47:                 }  
48:            }  
49:            else  
50:            {  
51:                 String errMsg = "Message is not of expected type TextMessage";  
52:                 logger_c.error(errMsg);  
53:                 throw new RuntimeException(errMsg);  
54:            }  
55:       }  
56:    
57:       /**  
58:        * Sets the message sender.  
59:        *  
60:        * @param messageSender_p the new message sender  
61:        */  
62:       public void setTestMessageSender(TestMessageSender messageSender_p)  
63:       {  
64:            this.messageSender_i = messageSender_p;  
65:       }  
66:  }  
67:    

MessageSender
Now that our application can consume messages lets take a look at how we push messages onto a queue. We defined a JMSTemplate in the Spring configuration earlier - this class provides a convenient way of pushing messages onto a queue and saves us from having to write boiler plate code for opening and closing connections, handling JMS exceptions etc. This allows the developer to simply specify a queue and the message payload that you want to push onto that queue.
1:  package com.blog.spring.jms;  
2:    
3:  import javax.jms.JMSException;  
4:  import javax.jms.Queue;  
5:  import org.apache.log4j.Logger;  
6:  import org.springframework.jms.core.JmsTemplate;  
7:  import org.springframework.stereotype.Service;  
8:    
9:  /**  
10:   * The TestMessageSender class uses the injected JMSTemplate to send a message  
11:   * to a specified Queue. In our case we're sending messages to 'TestQueueTwo'  
12:   */  
13:  @Service  
14:  public class TestMessageSender  
15:  {  
16:       private JmsTemplate jmsTemplate_i;  
17:       private Queue testQueue_i;  
18:       private static final Logger logger_c = Logger .getLogger(TestMessageSender.class);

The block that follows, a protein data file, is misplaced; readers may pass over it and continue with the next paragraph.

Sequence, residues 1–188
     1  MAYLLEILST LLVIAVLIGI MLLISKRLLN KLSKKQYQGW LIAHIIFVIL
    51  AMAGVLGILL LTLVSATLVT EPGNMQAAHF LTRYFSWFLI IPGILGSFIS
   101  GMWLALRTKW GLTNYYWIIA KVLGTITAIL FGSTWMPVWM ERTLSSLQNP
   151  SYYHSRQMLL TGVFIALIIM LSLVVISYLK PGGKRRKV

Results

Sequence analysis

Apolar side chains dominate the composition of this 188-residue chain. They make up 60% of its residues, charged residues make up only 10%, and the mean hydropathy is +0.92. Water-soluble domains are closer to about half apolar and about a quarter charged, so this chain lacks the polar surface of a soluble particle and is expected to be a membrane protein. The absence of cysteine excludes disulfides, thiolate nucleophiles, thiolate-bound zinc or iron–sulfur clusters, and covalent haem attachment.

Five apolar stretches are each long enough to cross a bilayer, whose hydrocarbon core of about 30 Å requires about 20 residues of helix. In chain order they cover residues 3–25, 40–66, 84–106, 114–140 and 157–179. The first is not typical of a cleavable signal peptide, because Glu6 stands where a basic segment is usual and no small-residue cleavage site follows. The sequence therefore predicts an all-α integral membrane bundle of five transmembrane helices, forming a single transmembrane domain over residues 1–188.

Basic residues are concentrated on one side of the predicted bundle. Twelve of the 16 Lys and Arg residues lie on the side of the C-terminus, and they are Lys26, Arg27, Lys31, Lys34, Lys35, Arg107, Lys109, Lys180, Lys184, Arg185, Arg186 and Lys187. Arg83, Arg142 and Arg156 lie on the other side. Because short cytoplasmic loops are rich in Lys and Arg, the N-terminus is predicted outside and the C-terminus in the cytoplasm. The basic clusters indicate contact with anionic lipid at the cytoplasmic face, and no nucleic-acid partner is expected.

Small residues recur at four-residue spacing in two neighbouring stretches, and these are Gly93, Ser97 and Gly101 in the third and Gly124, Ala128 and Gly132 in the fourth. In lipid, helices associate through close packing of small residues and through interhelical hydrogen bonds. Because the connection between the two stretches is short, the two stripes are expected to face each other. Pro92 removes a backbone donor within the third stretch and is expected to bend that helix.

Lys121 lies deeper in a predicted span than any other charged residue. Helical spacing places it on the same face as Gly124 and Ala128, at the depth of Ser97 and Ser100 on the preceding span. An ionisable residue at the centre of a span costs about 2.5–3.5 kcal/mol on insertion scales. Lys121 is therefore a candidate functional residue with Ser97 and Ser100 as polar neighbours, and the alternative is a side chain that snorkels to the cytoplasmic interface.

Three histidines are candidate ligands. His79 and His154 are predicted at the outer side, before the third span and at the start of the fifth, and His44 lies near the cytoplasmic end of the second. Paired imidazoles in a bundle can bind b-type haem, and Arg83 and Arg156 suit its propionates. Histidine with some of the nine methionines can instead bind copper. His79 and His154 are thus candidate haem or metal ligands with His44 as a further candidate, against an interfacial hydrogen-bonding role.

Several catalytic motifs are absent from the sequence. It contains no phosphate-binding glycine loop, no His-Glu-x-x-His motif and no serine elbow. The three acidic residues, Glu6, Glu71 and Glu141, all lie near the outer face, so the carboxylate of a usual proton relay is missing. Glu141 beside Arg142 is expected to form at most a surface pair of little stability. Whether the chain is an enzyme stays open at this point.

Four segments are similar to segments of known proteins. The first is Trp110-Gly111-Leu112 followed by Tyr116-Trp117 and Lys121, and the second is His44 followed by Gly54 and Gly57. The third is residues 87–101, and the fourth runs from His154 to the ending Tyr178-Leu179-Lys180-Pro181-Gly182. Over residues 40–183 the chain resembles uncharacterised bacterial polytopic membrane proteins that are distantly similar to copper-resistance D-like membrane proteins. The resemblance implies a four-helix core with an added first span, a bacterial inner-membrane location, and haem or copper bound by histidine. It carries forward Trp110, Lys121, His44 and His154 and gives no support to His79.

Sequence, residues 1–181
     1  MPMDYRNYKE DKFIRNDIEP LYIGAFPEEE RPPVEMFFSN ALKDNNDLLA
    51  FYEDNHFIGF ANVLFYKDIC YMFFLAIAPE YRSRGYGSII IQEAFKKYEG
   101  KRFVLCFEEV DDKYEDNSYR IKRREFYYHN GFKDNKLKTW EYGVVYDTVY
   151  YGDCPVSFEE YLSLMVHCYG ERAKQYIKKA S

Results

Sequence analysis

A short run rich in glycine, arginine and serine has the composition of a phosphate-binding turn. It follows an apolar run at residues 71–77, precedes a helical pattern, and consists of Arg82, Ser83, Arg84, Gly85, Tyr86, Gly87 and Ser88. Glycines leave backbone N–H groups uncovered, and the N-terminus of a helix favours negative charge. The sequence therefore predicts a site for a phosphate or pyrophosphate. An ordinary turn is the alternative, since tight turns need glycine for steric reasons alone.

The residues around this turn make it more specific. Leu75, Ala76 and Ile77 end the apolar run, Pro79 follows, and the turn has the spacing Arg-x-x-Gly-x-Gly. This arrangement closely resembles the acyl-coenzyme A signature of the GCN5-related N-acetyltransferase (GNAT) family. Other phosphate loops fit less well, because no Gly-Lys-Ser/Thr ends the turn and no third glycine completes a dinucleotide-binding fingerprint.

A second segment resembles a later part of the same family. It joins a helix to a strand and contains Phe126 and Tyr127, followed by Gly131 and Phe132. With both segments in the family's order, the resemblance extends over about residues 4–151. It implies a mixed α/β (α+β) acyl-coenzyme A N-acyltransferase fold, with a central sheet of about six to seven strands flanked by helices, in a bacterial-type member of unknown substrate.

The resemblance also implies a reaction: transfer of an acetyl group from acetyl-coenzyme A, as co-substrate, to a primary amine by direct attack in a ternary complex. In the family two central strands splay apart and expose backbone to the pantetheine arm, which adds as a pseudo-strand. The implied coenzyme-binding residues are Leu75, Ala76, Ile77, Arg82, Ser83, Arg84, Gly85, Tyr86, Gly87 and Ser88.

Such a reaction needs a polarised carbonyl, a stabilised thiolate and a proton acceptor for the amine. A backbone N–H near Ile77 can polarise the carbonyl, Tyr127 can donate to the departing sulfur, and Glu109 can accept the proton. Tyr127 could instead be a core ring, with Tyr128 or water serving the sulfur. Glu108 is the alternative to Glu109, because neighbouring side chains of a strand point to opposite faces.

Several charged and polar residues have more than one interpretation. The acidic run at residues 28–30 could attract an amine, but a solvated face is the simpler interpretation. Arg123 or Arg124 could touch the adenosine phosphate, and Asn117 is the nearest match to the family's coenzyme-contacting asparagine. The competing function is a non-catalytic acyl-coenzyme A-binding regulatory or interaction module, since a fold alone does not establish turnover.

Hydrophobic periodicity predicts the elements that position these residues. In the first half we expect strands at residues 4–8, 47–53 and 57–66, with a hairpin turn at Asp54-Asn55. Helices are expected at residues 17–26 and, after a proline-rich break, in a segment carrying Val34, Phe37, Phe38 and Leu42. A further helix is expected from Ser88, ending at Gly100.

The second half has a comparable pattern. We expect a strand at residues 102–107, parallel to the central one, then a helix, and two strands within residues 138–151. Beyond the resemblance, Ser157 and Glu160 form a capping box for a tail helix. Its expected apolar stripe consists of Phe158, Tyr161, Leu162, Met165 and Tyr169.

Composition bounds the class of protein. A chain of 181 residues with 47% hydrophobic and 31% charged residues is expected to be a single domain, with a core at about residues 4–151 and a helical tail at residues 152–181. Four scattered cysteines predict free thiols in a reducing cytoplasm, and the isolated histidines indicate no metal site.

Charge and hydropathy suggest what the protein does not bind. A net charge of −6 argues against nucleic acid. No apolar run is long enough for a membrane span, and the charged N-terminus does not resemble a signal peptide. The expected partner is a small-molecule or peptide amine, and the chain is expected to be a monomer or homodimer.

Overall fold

19:    
20:       /**  
21:        * Sends message using JMS Template.  
22:        *  
23:        * @param message_p the message_p  
24:        * @throws JMSException the jMS exception  
25:        */  
26:       public void sendMessage(String message_p) throws JMSException  
27:       {  
28:            logger_c.debug("About to put message on queue. Queue[" + testQueue_i.toString() + "] Message[" + message_p + "]");  
29:            jmsTemplate_i.convertAndSend(testQueue_i, message_p);  
30:       }  
31:    
32:       /**  
33:        * Sets the jms template.  
34:        *  
35:        * @param template the jms template  
36:        */  
37:       public void setJmsTemplate(JmsTemplate tmpl)  
38:       {  
39:            this.jmsTemplate_i = tmpl;  
40:       }  
41:    
42:       /**  
43:        * Sets the test queue.  
44:        *  
45:        * @param queue the new test queue  
46:        */  
47:       public void setTestQueue(Queue queue)  
48:       {  
49:            this.testQueue_i = queue;  
50:       }  
51:  }  

Testing the Application
Now that the application is complete lets test it. Using the ActiveMQ admin console we'll put a message onto TestQueueOne. Conveniently you can tell the broker to submit the message as may times as you like. We'll ask the broker to submit our message 100 times so that we have time to see  it get picked up and processed in the eclipse console. When we put a message onto TestQueueOne we should see the following
  1. DefaultMessageListenerContainer will pick up the next message from TestQueuOne and invoke the onMessage method in our Message listener class with the message payload.